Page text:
Trying Linux Without Installing It

Once you have chosen a distro or flavour, downloaded it, and readied your computer, you have everything you need to try Linux without installing it. Start by installing software known as Rufus on your machine. You will use this to create the bootable media.

Next, open it and point it to the downloaded ISO and the drive you want to use. Rufus will ask you if you want to erase the drive. If you have nothing important on it, say yes and continue. Once it is done creating the bootable media, insert the drive into the computer you want to use and restart it.
You might have to go to the bios to ensure it is set to boot from the USB drive before your main hard drive or SSD. If not, set the boot order to boot from the USB drive first, save your changes and reboot.

The computer will likely turn on and boot from the USB. If not, it will list all bootable drives, and you will pick the USB containing the bootable media. You will see a logo or words flying across the screen to show that the computer is reading from the drive and setting everything up for you.

You will then get a screen that asks you to try or install your chosen distro. Choose to try and wait a few seconds for everything to load. You will end up in the live testing screen.

What Features Do You Have Access To?

A live-testing Linux environment has everything you need to get started. For example, you can’t use the browser as you would on any other computer. In many cases, that is Firefox. The computer will also allow you to download and save files, but you will lose these files when you restart the computer.

With the browser ready and the ability to save files temporarily, you can do things like using an online PDF or Word converter. You can convert files using SmallPDF’s converter on your Linux machine but remember to save the converted Word file somewhere safe so you do not lose it.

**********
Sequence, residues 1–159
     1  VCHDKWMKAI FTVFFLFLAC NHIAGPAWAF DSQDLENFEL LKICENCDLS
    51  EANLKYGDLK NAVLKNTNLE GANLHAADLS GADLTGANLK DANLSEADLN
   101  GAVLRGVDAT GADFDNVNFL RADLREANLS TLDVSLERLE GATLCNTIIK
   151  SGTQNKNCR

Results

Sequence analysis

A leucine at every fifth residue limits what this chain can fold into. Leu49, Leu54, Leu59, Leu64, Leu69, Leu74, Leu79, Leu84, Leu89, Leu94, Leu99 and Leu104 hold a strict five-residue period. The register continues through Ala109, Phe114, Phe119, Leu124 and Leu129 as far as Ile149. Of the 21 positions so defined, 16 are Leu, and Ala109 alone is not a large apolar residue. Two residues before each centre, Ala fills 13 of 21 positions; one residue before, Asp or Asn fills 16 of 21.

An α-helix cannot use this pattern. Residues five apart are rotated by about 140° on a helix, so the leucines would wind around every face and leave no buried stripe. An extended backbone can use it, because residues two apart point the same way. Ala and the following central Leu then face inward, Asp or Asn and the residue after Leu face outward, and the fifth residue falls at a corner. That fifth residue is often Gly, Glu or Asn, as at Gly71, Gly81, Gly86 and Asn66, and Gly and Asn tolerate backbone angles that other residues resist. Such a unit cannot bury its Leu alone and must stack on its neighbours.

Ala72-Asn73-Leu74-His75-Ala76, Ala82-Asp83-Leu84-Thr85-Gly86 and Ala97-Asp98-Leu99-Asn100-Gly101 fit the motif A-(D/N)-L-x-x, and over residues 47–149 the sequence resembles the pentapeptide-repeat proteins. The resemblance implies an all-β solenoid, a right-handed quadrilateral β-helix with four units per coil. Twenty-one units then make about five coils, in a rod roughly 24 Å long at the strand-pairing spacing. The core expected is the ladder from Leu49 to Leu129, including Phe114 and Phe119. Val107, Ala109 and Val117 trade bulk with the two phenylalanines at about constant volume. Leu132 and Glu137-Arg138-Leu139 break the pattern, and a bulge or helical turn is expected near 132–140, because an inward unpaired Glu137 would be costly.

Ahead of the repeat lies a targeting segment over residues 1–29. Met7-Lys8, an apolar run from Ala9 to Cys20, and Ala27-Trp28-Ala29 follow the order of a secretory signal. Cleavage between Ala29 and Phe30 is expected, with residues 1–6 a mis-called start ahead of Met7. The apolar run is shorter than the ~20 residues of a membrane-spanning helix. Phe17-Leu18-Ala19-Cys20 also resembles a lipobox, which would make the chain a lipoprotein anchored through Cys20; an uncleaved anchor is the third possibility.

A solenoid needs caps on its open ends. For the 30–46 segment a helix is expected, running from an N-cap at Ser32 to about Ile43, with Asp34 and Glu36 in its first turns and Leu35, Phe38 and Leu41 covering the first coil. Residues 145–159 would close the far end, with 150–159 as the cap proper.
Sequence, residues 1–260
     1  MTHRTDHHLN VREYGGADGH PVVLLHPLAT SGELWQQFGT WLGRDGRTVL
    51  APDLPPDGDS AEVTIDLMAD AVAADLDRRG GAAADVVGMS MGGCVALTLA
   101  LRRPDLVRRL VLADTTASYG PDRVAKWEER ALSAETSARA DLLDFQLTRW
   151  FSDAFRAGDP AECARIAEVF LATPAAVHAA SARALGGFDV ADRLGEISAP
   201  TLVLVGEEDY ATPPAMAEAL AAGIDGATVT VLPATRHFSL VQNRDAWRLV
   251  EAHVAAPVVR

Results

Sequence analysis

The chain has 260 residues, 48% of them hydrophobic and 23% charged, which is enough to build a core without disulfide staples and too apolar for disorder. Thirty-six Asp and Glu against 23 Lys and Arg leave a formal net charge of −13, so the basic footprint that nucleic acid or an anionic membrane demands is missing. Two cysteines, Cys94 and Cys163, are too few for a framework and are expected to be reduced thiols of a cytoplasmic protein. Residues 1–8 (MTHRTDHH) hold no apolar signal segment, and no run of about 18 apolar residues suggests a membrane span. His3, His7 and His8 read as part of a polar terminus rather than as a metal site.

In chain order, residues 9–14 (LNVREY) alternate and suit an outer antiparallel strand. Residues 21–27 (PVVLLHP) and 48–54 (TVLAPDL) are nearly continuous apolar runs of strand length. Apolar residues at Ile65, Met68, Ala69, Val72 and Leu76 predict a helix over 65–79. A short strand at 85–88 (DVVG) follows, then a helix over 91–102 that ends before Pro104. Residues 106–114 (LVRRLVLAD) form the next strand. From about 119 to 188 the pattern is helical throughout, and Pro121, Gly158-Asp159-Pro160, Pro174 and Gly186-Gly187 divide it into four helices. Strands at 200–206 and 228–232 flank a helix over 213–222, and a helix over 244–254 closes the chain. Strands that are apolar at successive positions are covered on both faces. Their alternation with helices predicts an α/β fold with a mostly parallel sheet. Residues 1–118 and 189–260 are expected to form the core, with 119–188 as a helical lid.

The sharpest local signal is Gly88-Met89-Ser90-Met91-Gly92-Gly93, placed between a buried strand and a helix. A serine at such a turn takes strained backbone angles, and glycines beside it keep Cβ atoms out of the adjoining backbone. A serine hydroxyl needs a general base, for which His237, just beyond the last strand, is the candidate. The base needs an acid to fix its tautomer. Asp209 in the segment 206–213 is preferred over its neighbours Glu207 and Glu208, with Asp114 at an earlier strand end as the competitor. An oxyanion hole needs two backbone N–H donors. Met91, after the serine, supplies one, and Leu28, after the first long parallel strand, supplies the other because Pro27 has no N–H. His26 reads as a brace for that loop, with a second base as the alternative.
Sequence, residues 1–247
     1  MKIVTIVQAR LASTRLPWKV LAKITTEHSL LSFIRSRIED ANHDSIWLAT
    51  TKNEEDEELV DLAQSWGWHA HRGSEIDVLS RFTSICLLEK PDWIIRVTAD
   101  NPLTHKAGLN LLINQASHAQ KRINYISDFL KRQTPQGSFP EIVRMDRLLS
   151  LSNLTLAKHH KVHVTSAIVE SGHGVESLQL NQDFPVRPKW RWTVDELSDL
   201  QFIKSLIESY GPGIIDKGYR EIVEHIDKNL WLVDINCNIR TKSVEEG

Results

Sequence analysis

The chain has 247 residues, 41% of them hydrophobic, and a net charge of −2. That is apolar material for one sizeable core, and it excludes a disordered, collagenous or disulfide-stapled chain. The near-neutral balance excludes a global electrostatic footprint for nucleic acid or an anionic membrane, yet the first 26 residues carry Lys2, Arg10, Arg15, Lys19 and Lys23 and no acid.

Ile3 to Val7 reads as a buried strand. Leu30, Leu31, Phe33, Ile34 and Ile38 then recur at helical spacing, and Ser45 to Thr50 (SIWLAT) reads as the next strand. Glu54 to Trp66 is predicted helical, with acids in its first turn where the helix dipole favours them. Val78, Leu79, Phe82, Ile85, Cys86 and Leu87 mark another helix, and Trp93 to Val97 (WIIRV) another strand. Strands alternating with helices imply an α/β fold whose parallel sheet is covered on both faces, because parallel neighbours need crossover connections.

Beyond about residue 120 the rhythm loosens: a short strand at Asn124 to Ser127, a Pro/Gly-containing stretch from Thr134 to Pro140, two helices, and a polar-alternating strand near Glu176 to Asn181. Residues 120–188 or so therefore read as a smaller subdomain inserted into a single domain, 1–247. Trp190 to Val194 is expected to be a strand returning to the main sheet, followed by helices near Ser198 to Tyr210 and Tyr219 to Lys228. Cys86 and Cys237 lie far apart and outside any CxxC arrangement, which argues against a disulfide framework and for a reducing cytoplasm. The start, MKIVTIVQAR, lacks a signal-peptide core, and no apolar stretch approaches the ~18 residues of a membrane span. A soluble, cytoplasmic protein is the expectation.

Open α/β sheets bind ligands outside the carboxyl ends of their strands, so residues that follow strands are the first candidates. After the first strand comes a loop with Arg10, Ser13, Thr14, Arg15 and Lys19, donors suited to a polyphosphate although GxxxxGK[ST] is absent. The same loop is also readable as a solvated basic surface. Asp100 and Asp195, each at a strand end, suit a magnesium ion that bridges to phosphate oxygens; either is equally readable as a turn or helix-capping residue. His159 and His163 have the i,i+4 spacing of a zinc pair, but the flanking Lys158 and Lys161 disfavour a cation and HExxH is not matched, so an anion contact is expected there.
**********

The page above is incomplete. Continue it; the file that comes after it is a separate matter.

You can also make cosmetic changes to your computer and save them for the current session. Like files, all changes will be lost once you reboot.

You cannot edit the files on a Windows or macOS drive or partition. Linux locks these files so you can see them but not access them. Doing so protects the operating system you might have installed. However, you can delete these files if you wipe the drive when installing Linux. As mentioned above, you will get a warning before doing this.

Other Options

Besides trying the live Linux version, you can try any distro you like using a virtual computer or an online platform. The virtual computer uses your system’s resources and emulates a full installation. The online distribution works on a server installed somewhere in the world. You can find various platforms that allow you to test numerous distros this way.

The best thing about the online option is you do not have to install multiple ISO files, which can be a few gigabytes each, if you would like to try multiple ones.

Linux is a friendly operating system often overlooked by most people. You can see what it offers without installing it by testing it live, using a virtual machine, or trying it online. Once you are happy with a distro, you can create a bootable media and use the easy-to-follow instructions to install it.